National Census in Panama This Sunday, 16 May 2010
Tuesday, May 11 2010 @ 12:48 PM EDT
Contributed by: Don Winner
Yesterday, at a press conference, the comptroller general of the Republic, Mona Lisa Bianchini, called on people to contribute to the census, for which they have provided 13,000 supervisors and 125,000 census takers who will canvas the country from 7:00 am until 7:00 pm on Sunday evening. The people who have to leave their homes must carry with them a card that will be color coded for each province. The census taker will proved at least three cards for each home.
As for the possibility that the census might be interrupted by natural phenomena, such as heavy rains or localized flooding, Cedeño Danis, the Director of INEC, was emphatic in saying that the census will not be suspended. What might happen, he said, is that the process will be completed a little later or the next day, but only "in areas of difficult access," he said. In the case of a person traveling to the interior of the country during the days leading up to the census, during the press conference they said you will be counted where you are, whether or not you are staying in a hotel, or not.
Early Census Filing: There are people who for work reasons can not stay in their homes to wait for the census taker. Some examples are doctors, nurses, and police officers who are on duty that day. For these cases, authorities have established a method of early registration, which will begin on 13 May and end on 15 May 2010. Prisoners and the homeless will also be counted early. To this end, staff will be assigned on Saturday to count these people. Eyra Ramos, head of Population and Housing of the INEC, said prisoners will be counted by guards trained for that purpose. On the other hand, she said the homeless will be counted at night, "because during the day they do not remain in a fixed place." The census staff will be accompanied by police officers, because most of the homeless are in dangerous areas. The questions asked of these people will be basic, so the process will be fast.
With regards to statements made by Esteban Rodriguez, the Director of the National Transportation Board, who said the bus drivers of their union would provide normal service on Sunday, the head of INEC, Danis Cedeno replied that this can not be so, because bus drivers are not eligible to be pre-registered and said that drivers will only be released to work after they have been counted.
Security: Cedeño said "we have been coordinating with the elements of state security" for more than a month. A total of 1,500 police officers will be deployed at 200 security checkpoints that will be established nationwide, he said. The national civil authorities, provincial and municipal authorities, the National Police, the Fire Department of Panama, and the National Civil Protection System will all be available to INEC to ensure faithful compliance with legal standards, especially for the enforcement of restrictions on the basis of the census. They also said that to ensure the public's good faith, census takers will be property identified with badges, shirts, and vests.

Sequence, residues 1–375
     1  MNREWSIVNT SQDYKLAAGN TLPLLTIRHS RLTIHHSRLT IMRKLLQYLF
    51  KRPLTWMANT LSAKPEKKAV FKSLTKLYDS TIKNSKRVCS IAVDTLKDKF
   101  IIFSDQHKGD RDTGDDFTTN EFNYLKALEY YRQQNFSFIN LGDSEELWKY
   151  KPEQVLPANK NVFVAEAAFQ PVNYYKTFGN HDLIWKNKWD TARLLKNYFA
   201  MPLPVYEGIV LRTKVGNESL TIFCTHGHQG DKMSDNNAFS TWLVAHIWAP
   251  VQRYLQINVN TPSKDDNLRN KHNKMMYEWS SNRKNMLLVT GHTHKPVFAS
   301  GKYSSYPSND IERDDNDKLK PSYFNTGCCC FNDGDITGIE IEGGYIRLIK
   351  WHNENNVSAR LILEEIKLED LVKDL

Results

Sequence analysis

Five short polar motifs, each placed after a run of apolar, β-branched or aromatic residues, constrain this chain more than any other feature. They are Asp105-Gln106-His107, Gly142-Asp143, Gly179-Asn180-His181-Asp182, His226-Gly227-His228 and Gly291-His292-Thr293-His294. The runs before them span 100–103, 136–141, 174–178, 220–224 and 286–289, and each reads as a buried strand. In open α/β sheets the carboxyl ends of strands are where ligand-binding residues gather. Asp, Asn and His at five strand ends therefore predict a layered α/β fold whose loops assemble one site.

Other institutions have shown their full support for the census process. In a public letter, the Panamanian Episcopal Conference regulated the hours for the Sunday Mass and encouraged the faithful to build on this "census party" to share the time with family members, and to organize activities in the home to enable them to further strengthen the bond between parents and children, between spouses, grandparents, uncles and other relatives.
Privacy: Panamanians, foreigners who are residents in Panama, tourists, and people in transit who are in the country at the time of the census are required to provide the requested data. Anyone who is in the country illegally and are undocumented should not be afraid to give their data, because no action will be taken against them. There will be 24 questions on housing and 32 on population, which can be answered in 35 - 40 minutes. The authorities assured that the information provided to the census taker will be confidential.
Questions about ethnicity cause concern. "Does any person in this household considered to be black or of African descent?" This is one of the questions the census taker will ask when they come to your home on Sunday, 16 May 2010. The answer will be difficult because, according to Richard Weeks, the Executive Secretary of the Council of Black Ethnicity, many people do not have black skin although their features say otherwise, and they "try to break away from the black population."
Weeks recognized the importance of why this question has been added to the list of questions to be asked during the census. However, the following question: "Do you consider yourself to be a colonial black, West Indian black, other, or none?" will complicate things a bit because for the person being asked it would be "difficult to determine their origin" considering the fact that the concept of African descendancy is relatively unknown. For the last three months, representatives from the civil society and the Executive Secretariat of the Council of Black Ethnicity have promoted an awareness campaign for people of African descent, so that they might be able to identify themselves with pride, but it has been an arduous task has not had adequate economic resources. "The State has not appropriated funds for outreach," said Weeks. Despite these efforts, Weeks predicted that only 40% of the blacks in the country will report during the census that they belong to this ethnic group. (La Prensa)